My story is about Dr. Dolores Margaret Richard Spikes, who died earlier this week. She was one of the most beloved and respected education leaders in this country.

My story begins before she became chancellor at Southern University’s New Orleans and Baton Rouge campuses, and before she became president of the Southern University System, making her the first woman to head a college system in the country. It starts before she was president of the University of Maryland Eastern Shore and before her leadership took on national and mythical proportions.

My story starts in spring 1973, on my first day in Dr. Spikes’ math class on Southern’s Baton Rouge campus. I knew of Dr. Spikes because she was a legendary graduate of my alma mater, McKinley High in Baton Rouge.

I didn’t know at the time she was just two years removed from being the first African-American woman to earn a Ph.D in math from LSU.

That didn’t matter because just 10 minutes into class, I was lost. I had found math troubling ever since the name changed to geometry and trigonometry. Lord, there was even something called calculus.

My classmates seemed excited about Dr. Spikes’ assuring and calm style of conveying her message. I was thinking about lunch.

The next time in her class, I moved away from the middle of the room. “Out of sight, out of mind,” was my thought.

I asked a classmate if she understood what was going on. She laughed and said she loved Dr. Spikes’ teaching methods. So I guess it was my problem.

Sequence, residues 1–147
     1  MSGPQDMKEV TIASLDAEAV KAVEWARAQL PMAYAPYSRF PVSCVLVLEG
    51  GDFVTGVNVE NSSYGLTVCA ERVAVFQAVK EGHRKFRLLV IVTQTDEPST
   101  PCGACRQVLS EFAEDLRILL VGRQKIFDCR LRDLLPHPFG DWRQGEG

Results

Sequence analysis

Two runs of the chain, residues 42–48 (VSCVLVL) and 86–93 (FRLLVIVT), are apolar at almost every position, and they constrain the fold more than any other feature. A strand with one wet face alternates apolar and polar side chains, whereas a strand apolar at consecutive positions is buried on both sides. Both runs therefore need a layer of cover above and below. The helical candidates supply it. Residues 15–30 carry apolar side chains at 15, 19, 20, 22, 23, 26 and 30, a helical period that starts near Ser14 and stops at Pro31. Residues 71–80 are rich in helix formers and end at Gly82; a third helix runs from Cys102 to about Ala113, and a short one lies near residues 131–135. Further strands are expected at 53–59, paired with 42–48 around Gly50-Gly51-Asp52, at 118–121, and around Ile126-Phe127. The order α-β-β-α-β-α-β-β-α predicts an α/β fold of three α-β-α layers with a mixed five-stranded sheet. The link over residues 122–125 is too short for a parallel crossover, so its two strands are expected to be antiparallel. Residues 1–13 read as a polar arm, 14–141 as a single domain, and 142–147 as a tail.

As class broke up after the third class, Dr. Spikes, without looking up from her desk, called out, “Mr. Pratt, would you wait for minute? I need to talk to you.”

Uh-oh, the jig was up. Now what would happen to me? Dr. Spikes prolonged my agony as she took her time putting her papers in order.

“Mr. Pratt, you don’t get what’s going on in here, do you?” she asked. Was I that transparent, even from the corner of the classroom? “No, ma’am, I don’t have a clue what is going on,” I answered.

She studied me with a look that rattled me. Then she told me to follow her to her office. “That’s never a good sign,” I thought.

She gave me a math worksheet with some of the problems we had to solve in class that day. She told me to complete the worksheet and bring it back to her office after the next class, and she would check it. I had to promise her that only I would work the problems. This routine would go on for the entire semester.

I was embarrassed at first. But after a couple weeks, I noticed that I was getting better. I even answered a few questions in class. Admittedly, though, I was wrong as often as I was correct.

As a matter of pride, I never told anyone I was getting the extra help. She didn’t, either. Later, I discovered I wasn’t special. There were a couple others just like me.

When the final exams came around, Dr. Spikes had us spread out in the gymnasium to take the test. I was scared. Occasionally, I would look toward her, hoping an answer would float out of her head into mine.

Even so, I was confident that I would do well. I made a B, and I smiled at Dr. Spikes when I received my score. I wanted to hug her, but that wouldn’t be cool, and it would look a bit suspicious to the rest of the class.

Years later, she and I would become friends, and I would marvel at her kindness, toughness and wisdom as she ascended the ladder of education leadership.

Today, I join so many people who celebrate the greatness of her life. But for me, of all the accolades that have been and will be bestowed on her, there will be nothing to rival The Question: “Mr. Pratt, you don’t get what’s going on in here, do you?”

Edward Pratt, a former Advocate editor, is assistant to the chancellor for media relations at Southern University. His email address is